A New Lease on Life: How Amanda D. Overcame Stage-3 Osteosarcoma at CHIPSA Hospital
Amanda D. came to CHIPSA Hospital last October looking for ways to improve her quality of life after surgery, radiation, and chemotherapy failed to treat her late-stage cancer.
But she believes CHIPSA did more than that. According to her, not only did they improve her quality of life, they also extended it.
Amanda was diagnosed in March of 2017 with an aggressive bone cancer called chondroblastic osteosarcoma. Her tumor was considered stage 3, grade 4, and metastasized. After undergoing surgery, 27 rounds of radiation, and 5 rounds of chemotherapy, she believed her cancer was gone. But 6 months later, her follow-up scans showed that the tumor was growing again. When a trial drug failed and left her very sick, she knew she had to explore other options.
“Other hospitals kept suggesting another round of intense chemotherapy,” she said. “I just knew I couldn’t do that again.”
Amanda’s employer, an Occupational Therapist and believer in natural medicine, suggested she try a nutritional therapy like the Gerson protocol. When she realized that it was difficult to do it on her own, she began to consider CHIPSA. After extensive research and conversation with survivors, Amanda knew in her heart that CHIPSA was the right place for her. They had a lot of different treatment options that weren’t available to her in the U.S., and they weren’t as invasive as those she was using at home.
But the most important thing CHIPSA offered her was hope.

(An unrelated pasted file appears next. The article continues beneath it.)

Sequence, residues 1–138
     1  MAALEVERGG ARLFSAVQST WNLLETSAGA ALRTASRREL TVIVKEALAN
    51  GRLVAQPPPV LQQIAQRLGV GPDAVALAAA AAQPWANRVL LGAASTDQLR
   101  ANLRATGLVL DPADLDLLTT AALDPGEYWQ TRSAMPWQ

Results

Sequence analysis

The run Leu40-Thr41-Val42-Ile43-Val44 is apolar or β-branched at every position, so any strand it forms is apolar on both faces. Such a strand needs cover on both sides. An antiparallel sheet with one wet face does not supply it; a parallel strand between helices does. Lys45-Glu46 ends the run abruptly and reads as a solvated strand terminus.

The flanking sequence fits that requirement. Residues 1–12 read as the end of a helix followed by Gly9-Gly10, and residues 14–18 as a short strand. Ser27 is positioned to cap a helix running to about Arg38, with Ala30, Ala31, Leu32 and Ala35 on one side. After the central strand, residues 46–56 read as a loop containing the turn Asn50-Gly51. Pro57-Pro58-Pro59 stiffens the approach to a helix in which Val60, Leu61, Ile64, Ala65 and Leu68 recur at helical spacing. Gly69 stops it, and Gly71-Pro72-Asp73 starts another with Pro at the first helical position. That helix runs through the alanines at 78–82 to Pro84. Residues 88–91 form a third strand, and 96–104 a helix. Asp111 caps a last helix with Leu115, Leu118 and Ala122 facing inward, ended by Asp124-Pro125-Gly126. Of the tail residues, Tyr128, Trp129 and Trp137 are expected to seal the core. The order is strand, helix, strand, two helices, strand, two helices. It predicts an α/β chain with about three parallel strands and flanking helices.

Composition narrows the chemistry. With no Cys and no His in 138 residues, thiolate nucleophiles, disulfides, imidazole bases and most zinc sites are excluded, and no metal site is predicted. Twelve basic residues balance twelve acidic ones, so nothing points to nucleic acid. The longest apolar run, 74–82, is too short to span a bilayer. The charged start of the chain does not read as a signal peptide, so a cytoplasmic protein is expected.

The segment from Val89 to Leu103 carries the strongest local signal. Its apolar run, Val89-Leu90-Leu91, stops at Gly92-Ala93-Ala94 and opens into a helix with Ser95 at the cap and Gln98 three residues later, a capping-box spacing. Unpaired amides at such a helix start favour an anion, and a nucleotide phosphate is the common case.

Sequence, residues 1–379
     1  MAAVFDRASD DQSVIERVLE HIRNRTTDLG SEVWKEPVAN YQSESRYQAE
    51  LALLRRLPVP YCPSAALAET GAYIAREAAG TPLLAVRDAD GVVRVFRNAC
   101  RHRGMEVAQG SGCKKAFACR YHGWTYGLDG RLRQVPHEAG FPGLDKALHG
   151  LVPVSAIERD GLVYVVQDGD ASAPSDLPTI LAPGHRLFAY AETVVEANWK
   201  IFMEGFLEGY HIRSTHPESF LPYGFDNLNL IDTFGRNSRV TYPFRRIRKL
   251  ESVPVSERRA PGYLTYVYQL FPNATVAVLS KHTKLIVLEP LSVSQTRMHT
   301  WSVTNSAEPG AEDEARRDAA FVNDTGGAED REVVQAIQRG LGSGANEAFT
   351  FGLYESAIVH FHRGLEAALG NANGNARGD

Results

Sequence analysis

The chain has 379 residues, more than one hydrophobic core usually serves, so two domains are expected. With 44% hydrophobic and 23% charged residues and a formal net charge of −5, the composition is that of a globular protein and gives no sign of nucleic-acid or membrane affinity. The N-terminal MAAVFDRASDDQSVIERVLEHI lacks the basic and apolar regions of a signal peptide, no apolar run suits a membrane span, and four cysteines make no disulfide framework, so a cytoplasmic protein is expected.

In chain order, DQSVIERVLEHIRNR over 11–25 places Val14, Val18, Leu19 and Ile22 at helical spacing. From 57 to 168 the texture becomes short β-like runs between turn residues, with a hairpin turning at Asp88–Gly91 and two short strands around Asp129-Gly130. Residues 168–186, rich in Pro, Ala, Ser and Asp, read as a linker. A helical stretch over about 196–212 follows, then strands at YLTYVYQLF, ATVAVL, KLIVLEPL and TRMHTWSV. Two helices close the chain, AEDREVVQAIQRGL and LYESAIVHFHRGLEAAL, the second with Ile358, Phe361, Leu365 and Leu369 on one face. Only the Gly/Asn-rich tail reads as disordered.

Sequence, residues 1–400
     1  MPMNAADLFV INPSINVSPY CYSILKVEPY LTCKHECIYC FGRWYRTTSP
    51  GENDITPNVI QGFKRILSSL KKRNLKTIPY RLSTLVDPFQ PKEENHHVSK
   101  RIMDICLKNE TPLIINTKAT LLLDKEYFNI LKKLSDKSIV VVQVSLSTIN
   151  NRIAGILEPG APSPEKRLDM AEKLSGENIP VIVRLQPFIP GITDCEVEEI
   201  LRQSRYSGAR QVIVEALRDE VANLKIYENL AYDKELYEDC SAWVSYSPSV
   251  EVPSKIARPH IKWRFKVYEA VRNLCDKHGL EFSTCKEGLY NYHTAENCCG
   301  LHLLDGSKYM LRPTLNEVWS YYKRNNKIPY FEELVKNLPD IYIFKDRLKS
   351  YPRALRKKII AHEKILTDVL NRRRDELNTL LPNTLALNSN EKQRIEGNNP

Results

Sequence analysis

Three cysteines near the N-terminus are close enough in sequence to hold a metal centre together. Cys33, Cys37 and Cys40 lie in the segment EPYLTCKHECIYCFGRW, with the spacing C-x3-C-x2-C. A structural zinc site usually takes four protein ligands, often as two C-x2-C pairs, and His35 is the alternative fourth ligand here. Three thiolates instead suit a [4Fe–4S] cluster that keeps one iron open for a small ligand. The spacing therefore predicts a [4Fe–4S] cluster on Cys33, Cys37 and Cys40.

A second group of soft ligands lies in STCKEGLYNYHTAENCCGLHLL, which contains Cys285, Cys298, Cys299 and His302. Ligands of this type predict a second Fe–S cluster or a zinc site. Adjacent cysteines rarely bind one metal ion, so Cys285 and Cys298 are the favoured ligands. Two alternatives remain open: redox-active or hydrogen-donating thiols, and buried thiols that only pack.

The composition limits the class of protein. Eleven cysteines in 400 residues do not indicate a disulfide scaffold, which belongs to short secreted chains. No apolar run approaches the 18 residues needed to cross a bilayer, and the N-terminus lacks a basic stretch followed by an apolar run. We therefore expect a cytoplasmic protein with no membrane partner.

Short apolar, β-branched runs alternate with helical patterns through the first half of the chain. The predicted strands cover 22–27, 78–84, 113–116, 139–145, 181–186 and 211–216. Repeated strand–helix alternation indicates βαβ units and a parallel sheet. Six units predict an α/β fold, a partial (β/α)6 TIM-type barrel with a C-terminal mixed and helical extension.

Amanda rolled into CHIPSA in a wheel chair, very sick and unable to walk around on her own. But she walked out three weeks later without the pain medications she brought in with her. When she returned home, her local hospital performed one more surgery to relieve some pain she had from the original tumor. They advised her she’d probably have to do more chemotherapy when they were through.
“But I just knew I was better,” she said. “I was off all of my pain medications. I knew something had changed.”
When Amanda’s doctors finished her surgery, they came out and told her that she was cancer free.
“I’m currently considered cancer free,” said Amanda. “I’m pain free. I resumed my lifestyle. I was in a wheel chair at CHIPSA. But now I’m riding horses again.“
When it comes to CHIPSA, Amanda has only one regret: that she didn’t come sooner.
One of the reasons she hesitated to come to CHIPSA was because of its location. She and her mother would have to travel a bit to get to get there, and many people in her life were shocked that she’d consider Mexico for medical treatments.
But Amanda says she and her mother felt perfectly safe in Tijuana. “I traveled there with my 73-year-old mother,” she said. “She has never flown anywhere, and she told me she’d never get on a plane. But we felt very safe in Mexico. My mom would come back in a heartbeat. She even explored Tijuana by herself. She felt as safe here as any city in our country.”
For anyone who is facing a cancer diagnosis, or has a loved one battling cancer, Amanda wants to share the keys to her success.
First, get a good support system. “My mom and my husband are my biggest cheerleaders,” she said. “Your companion is your biggest asset. There were times that I was too sick at the hospital to really be involved, but my mom learned the protocol.”
Amanda’s mom helped her stick to that protocol even after they left CHIPSA and returned home. She made sure she continued juicing and kept up with her Apatone and other supplements.
Having a support system at CHIPSA was another way Amanda stayed on top of her treatments. The doctors and staff members followed up with her to make sure she was staying on track, but it was the other patients she met there who really kept her going. “We always check in with one another,” she said.
Lastly, Amanda says its important to become educated about your particular cancer diagnosis. “Every patient is different, every cancer is different, and every body is different. I think sometimes we lose sight of that.”
Amanda’s life after CHIPSA has been an active one, as she takes care of her 7-year-old stepdaughter, trains horses, and coaches children.
“I was told non-curative for two years. So to be cancer free to me is just a second lease on life.“